- Replacing windows doesn’t pay in all hot climates. You’ll recoup only 62% of your cost in the Las Vegas desert.
Average return at resale: 83 percent
- The average family room addition costs $54,464 and adds $45,458 at resale, a recoup rate of 83 percent.
- The highest recoup rates occur in high-cost Western markets.
- A sunroom counts in the home’s square footage only when the room is heated and cooled for year-round use.
- A sunroom adds value only in upscale neighborhoods. It won’t bring in higher bids in lower-end neighborhoods.
- An addition shouldn’t be obvious. Make sure it has an open transition. A wider interior doorway and more substantial steps visually connect the addition to the rest of the house.
- Shop local window manufacturers to find offer good deals.
Average return at resale: 72.8 percent
- Converting a 12x12 bonus room into a home office costs on average $13,143 and brings in $9,569 at closing.
- Use a roller to paint the paneling and a brush to smooth of the paint that puddles in paneling grooves.
- Paint panels different colors for a groovy modern effect.
- If you’re selling, know your target market and decorate to please them. Families use bonus rooms differently than empty-nesters and singles.
- Add electric outlets for your computer and recessed lights. Kitchen cabinets or bookshelves organize the space above your desk. Put a rolling file cabinet underneath.
- Glass doors add a finished look to any bookshelf.
- Check local zoning before you build a studio to rent.
- Budget $2,500 for the mini-kitchen.
- Adding a full bath costs an average of $22,977 nationally. You’ll average $19,850 back if you sell, a recoup rate of 86.4 percent. Return rates go above 100 percent in big cities like New York City, San Francisco, Orlando, Seattle and Washington, D.C.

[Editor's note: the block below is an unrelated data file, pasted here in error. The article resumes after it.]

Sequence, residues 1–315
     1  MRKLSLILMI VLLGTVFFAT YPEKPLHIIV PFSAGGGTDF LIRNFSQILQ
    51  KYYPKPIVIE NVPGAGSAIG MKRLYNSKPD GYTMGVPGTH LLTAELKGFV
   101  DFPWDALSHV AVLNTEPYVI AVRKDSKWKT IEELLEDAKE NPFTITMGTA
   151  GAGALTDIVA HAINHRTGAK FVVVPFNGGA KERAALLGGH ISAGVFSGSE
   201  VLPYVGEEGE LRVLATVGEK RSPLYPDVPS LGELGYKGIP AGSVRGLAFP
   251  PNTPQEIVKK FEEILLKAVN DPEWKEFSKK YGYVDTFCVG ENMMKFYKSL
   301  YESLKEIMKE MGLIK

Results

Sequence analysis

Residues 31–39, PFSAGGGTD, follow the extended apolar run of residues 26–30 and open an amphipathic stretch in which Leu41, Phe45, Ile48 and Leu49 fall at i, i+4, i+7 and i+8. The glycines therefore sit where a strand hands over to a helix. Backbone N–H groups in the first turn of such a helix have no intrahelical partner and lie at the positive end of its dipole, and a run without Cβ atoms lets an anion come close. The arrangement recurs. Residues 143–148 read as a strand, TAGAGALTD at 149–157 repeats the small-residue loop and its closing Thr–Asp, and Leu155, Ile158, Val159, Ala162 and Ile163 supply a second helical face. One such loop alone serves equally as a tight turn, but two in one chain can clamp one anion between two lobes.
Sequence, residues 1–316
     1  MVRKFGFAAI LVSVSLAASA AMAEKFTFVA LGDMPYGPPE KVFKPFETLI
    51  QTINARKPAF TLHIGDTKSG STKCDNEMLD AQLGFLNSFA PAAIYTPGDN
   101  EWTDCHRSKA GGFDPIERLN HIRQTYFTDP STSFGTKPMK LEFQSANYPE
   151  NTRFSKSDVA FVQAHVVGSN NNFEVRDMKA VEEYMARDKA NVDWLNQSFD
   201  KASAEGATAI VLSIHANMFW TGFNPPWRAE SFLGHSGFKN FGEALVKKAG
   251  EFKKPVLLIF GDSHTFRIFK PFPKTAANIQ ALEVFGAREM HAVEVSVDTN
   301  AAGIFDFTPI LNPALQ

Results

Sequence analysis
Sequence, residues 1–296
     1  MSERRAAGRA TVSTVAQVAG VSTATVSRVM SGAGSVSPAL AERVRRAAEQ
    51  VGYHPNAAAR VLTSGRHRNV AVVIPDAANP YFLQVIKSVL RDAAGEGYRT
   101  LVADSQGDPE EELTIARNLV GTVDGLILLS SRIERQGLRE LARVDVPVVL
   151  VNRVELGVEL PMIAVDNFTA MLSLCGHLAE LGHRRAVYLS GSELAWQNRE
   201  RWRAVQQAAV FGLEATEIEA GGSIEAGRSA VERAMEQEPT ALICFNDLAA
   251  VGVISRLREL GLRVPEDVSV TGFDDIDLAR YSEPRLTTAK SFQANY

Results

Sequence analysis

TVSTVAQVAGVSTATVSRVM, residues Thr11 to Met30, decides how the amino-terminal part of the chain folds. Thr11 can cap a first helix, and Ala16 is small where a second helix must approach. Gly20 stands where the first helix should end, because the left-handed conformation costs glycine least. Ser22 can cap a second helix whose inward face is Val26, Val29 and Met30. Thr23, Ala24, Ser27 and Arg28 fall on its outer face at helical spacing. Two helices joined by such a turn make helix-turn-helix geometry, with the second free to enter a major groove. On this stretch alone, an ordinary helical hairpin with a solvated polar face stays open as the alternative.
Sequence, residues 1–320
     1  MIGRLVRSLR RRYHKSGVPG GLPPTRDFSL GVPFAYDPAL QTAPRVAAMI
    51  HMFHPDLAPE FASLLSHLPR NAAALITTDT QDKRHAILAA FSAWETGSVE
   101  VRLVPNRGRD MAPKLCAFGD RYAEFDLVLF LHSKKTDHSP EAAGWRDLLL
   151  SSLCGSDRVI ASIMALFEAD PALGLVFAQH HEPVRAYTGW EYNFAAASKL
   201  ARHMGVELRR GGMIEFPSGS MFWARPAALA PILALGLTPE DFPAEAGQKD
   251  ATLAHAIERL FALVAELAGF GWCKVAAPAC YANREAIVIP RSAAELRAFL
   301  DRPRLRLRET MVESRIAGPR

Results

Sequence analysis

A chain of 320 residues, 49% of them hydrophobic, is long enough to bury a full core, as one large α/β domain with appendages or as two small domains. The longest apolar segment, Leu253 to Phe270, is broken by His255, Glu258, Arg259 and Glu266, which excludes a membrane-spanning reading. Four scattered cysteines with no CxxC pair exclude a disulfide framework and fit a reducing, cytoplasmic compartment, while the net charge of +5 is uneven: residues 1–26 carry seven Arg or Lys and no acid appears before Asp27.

#13 Living Room Updates – Decor
Average return at resale: 66 percent
- Spending about $1,350 on staging and updating living room decor will get you new light switches, outlet covers, floor registers, crown molding, chair rails and drapes, plus fresh, live flowers and accessories.
- Details add dollars. Crown molding gives a room a crisp, clean finish that buyers love. Make sure you choose molding that complements window trim and floor boards. Prices start at around $1.40 per linear foot.
- Add square footage with a simple trick. Shift furniture away from the walls to make living rooms feel larger and more contemporary. Create a seating area around a feature you want buyers to notice — like a dramatic fireplace.
- If you’re staging your home to sell, don’t move excess furniture and clutter into the garage. Rent a storage unit for about $1 per square foot per month.
- New window treatments are a cost-conscious way to add a punch of designer color. For low ceilings, suggest the illusion of height by positioning drapes and valances higher on the wall.
Average return at resale: 52 percent
- Cost for new lighting will vary from $100 - $500.
- For a romantic design touch, swap the old light fixture for a small chandelier. The formula for sizing a chandelier: Room width + Room length in feet = chandelier diameter in inches.
- When doing dry wall repair, less really is more. Using as little joint compound as possible makes it easier to even out the surface when sanding later.
- Scale your window treatments to your room size. Cost to rent wallpaper steamer: $20; new bedding and window treatments: $300.
- Hardwood floors are hotter than ever. Pull up worn carpeting and refinish old floors to let the wood shine. Sanding hardwoods is physically demanding and if you do it wrong, you ruin the floor. Hire a pro to do the sanding and then do your own staining and sealing to save money. Cost $1 to $1.50 a foot. Fill carpet tack holes with Color Putty®.
Average return at resale: 40 percent
- For only $25, freshen the living room walls with a coat of paint in a light, neutral color. And don't overlook the trim — brighten it with a high-gloss white paint and caulk any open seams between the molding and ceiling and baseboard and wall.
- On average, quality hardwood flooring ranges from $3-$8 per square foot. For a 200 square foot area, expect to spend about $1,200 if you install it yourself. Tack on another $3 per square foot if you have it professionally installed.
- Sanding hardwoods is physically demanding. Make a mistake and you ruin the floor. Hire a pro to sand and then do your own staining and sealing to save money. Cost is $1 to $1.50 a foot. Fill carpet tack holes with Color Putty®.
- If you have carpet in the living room, either have it professionally cleaned ($100-$150) or replaced if it's torn, stained or has an unrelenting odor (on average $10-$30 per square foot).
- Always test popcorn ceilings for asbestos before you start (find an accredited lab at http://ts.nist.gov). Asbestos was used in textured paints manufactured before 1977.
- Buy a new wood or stone mantel for as little as $500.